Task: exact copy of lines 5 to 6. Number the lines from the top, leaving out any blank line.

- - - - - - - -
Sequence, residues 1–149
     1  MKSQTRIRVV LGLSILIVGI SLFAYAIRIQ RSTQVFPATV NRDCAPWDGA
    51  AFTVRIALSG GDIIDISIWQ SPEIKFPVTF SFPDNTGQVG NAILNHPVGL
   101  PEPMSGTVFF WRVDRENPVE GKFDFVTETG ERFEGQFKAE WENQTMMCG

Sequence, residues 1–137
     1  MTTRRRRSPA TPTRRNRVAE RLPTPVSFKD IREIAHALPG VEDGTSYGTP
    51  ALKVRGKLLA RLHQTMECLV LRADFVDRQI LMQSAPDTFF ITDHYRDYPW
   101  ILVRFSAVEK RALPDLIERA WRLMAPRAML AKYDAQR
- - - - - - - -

Sequence, residues 1–137
     1  MTTRRRRSPA TPTRRNRVAE RLPTPVSFKD IREIAHALPG VEDGTSYGTP